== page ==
Training can help journalists survive captivity

By Frank Smyth/CPJ Senior Adviser for Journalist Security on November 6, 2013 2:30 PM ET

Two murdered journalists for the Africa service of Radio France Internationale, Ghislaine Dupont, 51, and Claude Verlon, 58, might have had a chance. They were abducted on November 2 in Kidal in northern Mali, but the vehicle their captors were driving suddenly broke down, according to news reports.

The journalists' remains were found near the vehicle. Dupont had been shot twice in the chest, and Verlon three times in the head. They were "coldly assassinated," said French Foreign Minister Laurent Fabius. Both were French citizens. The group Al-Qaeda in the Islamic Maghreb claimed responsibility for the slayings.

Executing journalists in captivity is, unfortunately, not uncommon. Worldwide, no less than 155 journalists, or more than one in five of the 679 journalists murdered in direct reprisal for their work since 1992 were executed in captivity like Dupont and Verlon, according to CPJ research. A small number of those journalists died from torture or under other circumstances in prison. Both Dupont and Verlon were held only briefly before being killed, but the rest of the murdered journalists were summarily executed some time after being captured.

What can journalists do? Hostile environment courses have long included kidnapping scenarios to help prepare journalists and others for the stress and challenges of captivity, and some courses have evolved over time. My firm teaches avoidance protocols and situational awareness to spot and avoid attacks before they occur. Once an attack is under way, experts disagree about whether to resist the attempted abduction or whether to try and escape later. Much depends upon the captors' possible motivations and goals.

Training can help journalists, humanitarian professionals, and others maintain their equilibrium and stay both calm and alert under stress. That, in turn, can help them stay alive. Captors often take cues from their captives. Projecting confidence without showing disrespect, cooperating without seeming to be servile, can be essential. Reading the command structure and finding opportunities to humanize yourself in the eyes of your captors is also part of any intensive training.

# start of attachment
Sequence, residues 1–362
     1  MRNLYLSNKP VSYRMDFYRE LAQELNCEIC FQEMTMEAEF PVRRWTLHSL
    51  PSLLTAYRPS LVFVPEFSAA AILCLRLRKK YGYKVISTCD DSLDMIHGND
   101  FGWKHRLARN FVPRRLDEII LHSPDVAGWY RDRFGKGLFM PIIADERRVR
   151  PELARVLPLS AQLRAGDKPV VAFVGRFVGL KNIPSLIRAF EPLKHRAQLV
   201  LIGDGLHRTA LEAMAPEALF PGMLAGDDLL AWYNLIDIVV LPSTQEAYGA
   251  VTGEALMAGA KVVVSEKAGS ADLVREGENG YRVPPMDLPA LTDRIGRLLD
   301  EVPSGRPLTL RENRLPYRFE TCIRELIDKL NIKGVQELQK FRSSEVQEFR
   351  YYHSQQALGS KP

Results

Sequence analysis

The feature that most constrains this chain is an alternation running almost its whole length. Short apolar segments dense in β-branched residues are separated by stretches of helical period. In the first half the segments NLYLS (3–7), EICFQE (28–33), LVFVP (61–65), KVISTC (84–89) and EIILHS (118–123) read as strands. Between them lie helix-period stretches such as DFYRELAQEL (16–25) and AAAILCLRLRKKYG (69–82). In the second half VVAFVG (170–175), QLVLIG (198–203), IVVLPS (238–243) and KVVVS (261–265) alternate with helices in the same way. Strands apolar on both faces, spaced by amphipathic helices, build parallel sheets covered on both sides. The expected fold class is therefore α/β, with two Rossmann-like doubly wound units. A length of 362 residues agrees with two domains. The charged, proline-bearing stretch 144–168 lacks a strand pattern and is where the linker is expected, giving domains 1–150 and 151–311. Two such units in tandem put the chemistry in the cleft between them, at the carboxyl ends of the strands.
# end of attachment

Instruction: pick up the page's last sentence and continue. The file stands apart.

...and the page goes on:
Finding ways to maintain one's dignity, while building a respectful rapport with captors, if possible, can be a useful goal. At other times, of course, one may wish to be the gray man or try to blend in rather than stand out. Learning to practice personal self-care in the aftermath of a traumatic event is also recommended.

Yet even the best training provides no guarantee of safety. Executing journalists after capture is a trend that goes back decades. In the early 1990s, journalists were abducted and later executed reporting on guerrilla wars from Peru to Angola. In later years, captors in Burma, India, and Sierra Leone also executed journalists in cold blood. Capturing and torturing journalists and then killing them became common practice in Iraq through the years following the U.S.-led invasion in 2003.

The 2009 Maguindanao massacre in the Philippines remains the worst case. All 57 victims of the massacre, including 32 journalists, were murdered at what appears to have been point blank range with automatic rifles after being intercepted and held by gunmen at least for a short time. Suspects are now facing trial. More recently, over the past year, journalists have been murdered after being abducted in nations as diverse as Syria and Cambodia.

The most notorious abduction-and-murder-case was that of Wall Street Journal correspondent Daniel Pearl in Pakistan in 2002. But the overwhelming majority of reporters executed in captivity are local journalists reporting on events within their own country, people like Hang Serei Odom in Cambodia whose fatally wounded body was found in the trunk of his car in 2012 at a cashew plantation near the Vietnam border. Serei had reported extensively on illegal logging.

The challenge for any captive is to try and stay collected. I know something about this, having been held incommunicado with a colleague for 18 days in Iraq back in 1991, after we heard another colleague and an armed rebel being executed by Iraqi soldiers. The sense of vulnerability is indescribable. The hardest part for any captive to accept may be that he or she has no control over how things will ultimately play out

Keeping fit, if possible, finding constructive ways to exercise one's mind, including observing, in a way that would not attract attention, one's captors and the environs are all steps toward maintaining hope. So is interacting with other captives. No matter what, the emotional toll of captivity may be overwhelming. That can be compounded by one's concerns about the toll the ordeal may be taking on loved ones waiting back home.

"I was despondent and left with only one certainty: We had no savior among the Taliban," wrote David Rhode, the then-New York Times correspondent, who in 2009 managed to escape his captors in Afghanistan and return to his family.

In the case of the two veteran French journalists murdered last week in Mali, investigators are pursuing the theory, according to The Associated Press, that the abductors decided, once their vehicle broke down, that it would be easier to shoot the hostages than bring them along on foot.


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